Artist Transforms Abandoned Coal Plant Through Mosaic
Rachel Sager is the accidental owner of a coal mine. She purchased property near her hometown in Perryopolis, Pa., three years ago.
"I would say every time I passed by that I loved it", says Sager, who comes from a coal mining family. Sager thought she had bought a house and some land through a foreclosure sale.
But that house turned out to be a former office building for a coal mine, just a stone's throw away, called Banning Number 2 that operated for roughly four decades.
"It was all about the coal. There wasn't any grass here," Sager says. "It was all black, like literally black from the coal and the shale."
Sager had no idea until closing on the property that the mine existed behind a creek and a tangled brush of the woods.
The challenge of your life
The mine is abandoned and boarded up. When Sager bought it, the vast processing plant surrounding the mine entrance sat roofless and empty.
She calls it The Ruins. High concrete walls covered in vines and moss form a grand, architectural skeleton. It's an eerie sight, and Sager is still piecing together the purpose behind each room, each of which is connected through a labyrinth of arched entryways, concrete ramps and stone pedestals.
The expansive, blank walls of the Ruins are fortuitous for Sager. She's a mosaic artist, or in her words, a "forager mosaicist."
Sager has practiced her art for two decades and was classicly trained in Florence, Italy, where she learned the ancient art of andamento, or the visual flow of a string of mosaic pieces. Her unique foraging technique-- by which she uses found materials like bone, rock and glass shards in her mosaics -- is world renowned.
"My dad, who operated coal mines, taught me to be conscious of what's beneath our feet," she says. "All his life, he's crushed rock. And now I chop up much smaller rock to make my art."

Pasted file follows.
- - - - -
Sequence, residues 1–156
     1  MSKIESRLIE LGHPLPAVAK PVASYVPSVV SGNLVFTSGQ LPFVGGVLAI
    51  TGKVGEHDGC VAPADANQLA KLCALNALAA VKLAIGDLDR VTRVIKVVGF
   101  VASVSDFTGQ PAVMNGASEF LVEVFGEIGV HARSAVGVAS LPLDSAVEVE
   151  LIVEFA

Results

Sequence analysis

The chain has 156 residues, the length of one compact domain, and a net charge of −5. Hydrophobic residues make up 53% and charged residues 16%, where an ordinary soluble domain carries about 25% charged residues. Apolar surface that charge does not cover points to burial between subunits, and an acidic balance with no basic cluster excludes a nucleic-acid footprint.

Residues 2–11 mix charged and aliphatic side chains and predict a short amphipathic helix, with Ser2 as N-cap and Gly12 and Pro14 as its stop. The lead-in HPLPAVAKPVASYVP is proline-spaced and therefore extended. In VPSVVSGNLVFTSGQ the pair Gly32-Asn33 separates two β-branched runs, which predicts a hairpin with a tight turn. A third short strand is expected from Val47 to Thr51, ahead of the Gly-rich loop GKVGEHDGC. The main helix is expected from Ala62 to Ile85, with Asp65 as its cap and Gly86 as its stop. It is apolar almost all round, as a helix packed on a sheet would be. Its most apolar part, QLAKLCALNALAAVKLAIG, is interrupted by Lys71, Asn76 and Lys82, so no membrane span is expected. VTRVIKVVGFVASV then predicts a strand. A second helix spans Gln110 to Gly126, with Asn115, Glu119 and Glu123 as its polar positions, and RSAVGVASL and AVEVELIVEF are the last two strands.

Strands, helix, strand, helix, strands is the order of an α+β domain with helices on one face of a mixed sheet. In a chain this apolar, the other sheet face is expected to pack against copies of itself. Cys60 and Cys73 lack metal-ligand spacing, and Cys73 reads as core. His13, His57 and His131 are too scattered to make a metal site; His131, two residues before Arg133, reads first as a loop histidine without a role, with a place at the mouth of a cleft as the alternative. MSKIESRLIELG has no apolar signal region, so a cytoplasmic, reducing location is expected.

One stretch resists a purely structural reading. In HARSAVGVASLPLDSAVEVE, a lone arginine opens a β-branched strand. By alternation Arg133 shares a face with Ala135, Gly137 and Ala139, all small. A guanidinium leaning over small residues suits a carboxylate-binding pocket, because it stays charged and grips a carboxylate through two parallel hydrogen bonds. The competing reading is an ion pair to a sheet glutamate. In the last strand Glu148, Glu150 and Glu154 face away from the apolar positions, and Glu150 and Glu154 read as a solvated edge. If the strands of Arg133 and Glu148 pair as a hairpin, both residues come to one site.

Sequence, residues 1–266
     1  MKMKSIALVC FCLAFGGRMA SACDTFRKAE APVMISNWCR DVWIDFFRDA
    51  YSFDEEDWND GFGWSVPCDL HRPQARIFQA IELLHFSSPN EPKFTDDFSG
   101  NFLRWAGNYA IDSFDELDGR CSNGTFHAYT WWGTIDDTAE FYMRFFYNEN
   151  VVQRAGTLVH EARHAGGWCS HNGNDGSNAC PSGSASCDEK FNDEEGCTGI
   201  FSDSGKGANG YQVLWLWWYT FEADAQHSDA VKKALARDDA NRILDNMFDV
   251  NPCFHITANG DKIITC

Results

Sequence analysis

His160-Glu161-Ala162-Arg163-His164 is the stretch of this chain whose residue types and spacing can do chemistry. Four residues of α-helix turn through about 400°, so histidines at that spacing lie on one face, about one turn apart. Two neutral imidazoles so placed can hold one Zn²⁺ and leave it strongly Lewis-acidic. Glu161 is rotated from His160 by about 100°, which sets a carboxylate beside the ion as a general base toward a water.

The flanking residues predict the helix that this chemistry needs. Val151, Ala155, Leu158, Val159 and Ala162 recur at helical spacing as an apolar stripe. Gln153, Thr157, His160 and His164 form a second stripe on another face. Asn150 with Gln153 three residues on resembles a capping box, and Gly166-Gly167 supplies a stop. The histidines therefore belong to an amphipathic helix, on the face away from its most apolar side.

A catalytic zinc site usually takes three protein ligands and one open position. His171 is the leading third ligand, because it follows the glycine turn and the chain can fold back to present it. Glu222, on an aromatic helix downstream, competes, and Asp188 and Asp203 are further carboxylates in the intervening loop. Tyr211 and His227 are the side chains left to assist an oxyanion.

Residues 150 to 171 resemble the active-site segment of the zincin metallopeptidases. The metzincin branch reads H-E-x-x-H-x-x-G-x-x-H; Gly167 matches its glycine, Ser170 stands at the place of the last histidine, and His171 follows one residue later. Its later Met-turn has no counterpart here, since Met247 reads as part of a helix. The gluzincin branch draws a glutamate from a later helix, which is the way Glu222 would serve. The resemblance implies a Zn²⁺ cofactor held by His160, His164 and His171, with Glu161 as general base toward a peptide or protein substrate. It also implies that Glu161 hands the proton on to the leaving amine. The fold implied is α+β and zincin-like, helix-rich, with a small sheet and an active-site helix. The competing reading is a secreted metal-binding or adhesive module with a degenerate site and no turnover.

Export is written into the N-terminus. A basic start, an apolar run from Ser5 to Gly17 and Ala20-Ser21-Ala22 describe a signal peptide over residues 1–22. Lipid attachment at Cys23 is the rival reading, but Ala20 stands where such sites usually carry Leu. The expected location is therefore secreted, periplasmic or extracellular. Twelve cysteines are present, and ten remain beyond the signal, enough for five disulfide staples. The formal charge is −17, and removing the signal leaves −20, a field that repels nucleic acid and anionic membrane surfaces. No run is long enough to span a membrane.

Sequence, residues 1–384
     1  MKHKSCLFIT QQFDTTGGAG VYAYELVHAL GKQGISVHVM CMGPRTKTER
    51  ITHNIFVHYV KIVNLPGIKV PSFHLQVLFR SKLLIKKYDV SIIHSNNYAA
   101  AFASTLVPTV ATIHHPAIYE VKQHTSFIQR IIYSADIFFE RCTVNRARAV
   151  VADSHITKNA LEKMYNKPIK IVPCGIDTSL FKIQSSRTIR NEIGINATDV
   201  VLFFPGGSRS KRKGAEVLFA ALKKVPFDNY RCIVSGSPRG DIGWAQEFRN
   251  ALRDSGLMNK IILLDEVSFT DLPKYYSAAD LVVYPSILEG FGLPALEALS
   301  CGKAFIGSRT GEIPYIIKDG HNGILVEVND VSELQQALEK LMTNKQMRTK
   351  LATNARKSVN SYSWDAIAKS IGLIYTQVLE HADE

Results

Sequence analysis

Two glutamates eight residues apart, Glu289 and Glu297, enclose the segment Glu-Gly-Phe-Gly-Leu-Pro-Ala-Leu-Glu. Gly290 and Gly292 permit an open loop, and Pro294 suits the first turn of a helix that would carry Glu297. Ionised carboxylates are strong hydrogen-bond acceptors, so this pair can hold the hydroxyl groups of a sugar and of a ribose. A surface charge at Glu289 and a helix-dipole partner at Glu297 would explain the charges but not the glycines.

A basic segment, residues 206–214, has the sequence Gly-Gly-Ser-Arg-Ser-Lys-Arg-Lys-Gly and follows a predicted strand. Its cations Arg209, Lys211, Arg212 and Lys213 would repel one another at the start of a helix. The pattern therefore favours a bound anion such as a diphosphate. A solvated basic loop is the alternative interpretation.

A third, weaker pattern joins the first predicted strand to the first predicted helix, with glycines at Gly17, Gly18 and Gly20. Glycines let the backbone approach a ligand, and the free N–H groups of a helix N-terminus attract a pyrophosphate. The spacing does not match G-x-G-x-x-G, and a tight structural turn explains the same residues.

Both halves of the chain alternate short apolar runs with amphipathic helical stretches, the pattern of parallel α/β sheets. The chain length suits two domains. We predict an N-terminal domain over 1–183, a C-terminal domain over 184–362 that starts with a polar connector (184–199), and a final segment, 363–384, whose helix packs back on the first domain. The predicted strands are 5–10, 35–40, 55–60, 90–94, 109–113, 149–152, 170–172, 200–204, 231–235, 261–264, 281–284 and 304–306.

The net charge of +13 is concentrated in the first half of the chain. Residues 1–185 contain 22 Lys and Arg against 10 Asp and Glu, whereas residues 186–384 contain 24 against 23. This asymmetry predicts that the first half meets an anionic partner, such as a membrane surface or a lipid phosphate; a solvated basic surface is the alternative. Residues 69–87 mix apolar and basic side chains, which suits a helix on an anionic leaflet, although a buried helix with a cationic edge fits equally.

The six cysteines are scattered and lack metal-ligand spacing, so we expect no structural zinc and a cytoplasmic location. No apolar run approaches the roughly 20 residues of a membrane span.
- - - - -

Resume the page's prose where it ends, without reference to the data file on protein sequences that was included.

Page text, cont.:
Sager says that Banning Number 2 is her artistic calling.
"I remember ... having a bit of a panic, actually," she recalls of discovering the mine. "As a mosaic artist, I felt like a gauntlet was being thrown down at my feet, like 'What are you going to do with this, Rachel? This is the challenge of your life right here.'"
So Sager created the Ruins Project, a collaborative, longterm art installation. She invites mosaicists from all over the world to leave their marks on the walls of Banning Number 2's sprawling processing facility. They participate in workshops, held a few times each year, where students learn the foraging technique and apply it somewhere in the Ruins.
"All of these empty walls have been just sitting there for almost 100 years, waiting," Sager says.
Now, the Ruins are scattered with mosaics, like modern, distinctly Appalachian reincarnations of prehistoric cave paintings.
Nothing into something
The entranceway is embellished with 24-karat gold tile salvaged from a Pittsburgh church's apse that was smashed to bits by a vandal. Walking through the Ruins, Sager can recall the story behind each of the dozens of mosaic installations created in the last three years.
"This is the symbol for alchemy, which is turning base metals into precious metals," she says, describing a hollow stone triangle, encased in a circle. "Turning nothing into something, that's one of the philosophies of the Ruins Project itself. I created this with artists from Canada and Scotland. "
She turns to another piece on an adjacent wall.
"This much more bombastic, in-your-face red by an artist from Philadelphia ... represents molten steel, and it's just like a tongue of red coming out of the wall."
There are abstract pieces, like long chains of Marcellus Shale. And then there are clear images: a leaping white-tailed deer, a clay-and-metal compass rose, a Native American arrow that will someday stretch to a length of 10 feet.